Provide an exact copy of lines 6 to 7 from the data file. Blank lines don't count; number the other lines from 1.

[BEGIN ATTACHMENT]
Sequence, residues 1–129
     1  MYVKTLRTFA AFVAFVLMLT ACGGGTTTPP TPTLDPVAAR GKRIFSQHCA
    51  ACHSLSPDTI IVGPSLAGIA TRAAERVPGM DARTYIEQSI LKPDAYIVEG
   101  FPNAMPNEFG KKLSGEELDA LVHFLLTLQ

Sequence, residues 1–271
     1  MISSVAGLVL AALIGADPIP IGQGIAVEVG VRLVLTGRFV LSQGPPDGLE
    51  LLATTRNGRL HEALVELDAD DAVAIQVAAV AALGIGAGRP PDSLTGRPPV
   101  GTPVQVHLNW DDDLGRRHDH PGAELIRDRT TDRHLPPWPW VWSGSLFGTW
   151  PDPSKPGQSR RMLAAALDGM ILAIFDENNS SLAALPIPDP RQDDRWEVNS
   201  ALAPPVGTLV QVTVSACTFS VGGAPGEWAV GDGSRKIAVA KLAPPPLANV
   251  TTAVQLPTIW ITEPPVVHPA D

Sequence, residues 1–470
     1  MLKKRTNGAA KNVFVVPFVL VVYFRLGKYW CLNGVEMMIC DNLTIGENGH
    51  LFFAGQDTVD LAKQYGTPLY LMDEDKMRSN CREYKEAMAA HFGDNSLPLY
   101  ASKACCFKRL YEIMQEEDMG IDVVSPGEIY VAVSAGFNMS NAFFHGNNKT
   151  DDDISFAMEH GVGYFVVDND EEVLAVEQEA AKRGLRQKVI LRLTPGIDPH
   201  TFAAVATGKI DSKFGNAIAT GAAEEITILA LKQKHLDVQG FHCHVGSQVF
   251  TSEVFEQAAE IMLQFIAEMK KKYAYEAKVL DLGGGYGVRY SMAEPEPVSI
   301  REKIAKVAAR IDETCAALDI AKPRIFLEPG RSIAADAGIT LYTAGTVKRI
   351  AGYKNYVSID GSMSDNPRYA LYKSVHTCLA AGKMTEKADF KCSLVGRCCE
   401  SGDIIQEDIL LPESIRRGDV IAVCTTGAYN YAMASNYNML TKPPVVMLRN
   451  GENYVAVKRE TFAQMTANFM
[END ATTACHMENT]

     1  MISSVAGLVL AALIGADPIP IGQGIAVEVG VRLVLTGRFV LSQGPPDGLE
    51  LLATTRNGRL HEALVELDAD DAVAIQVAAV AALGIGAGRP PDSLTGRPPV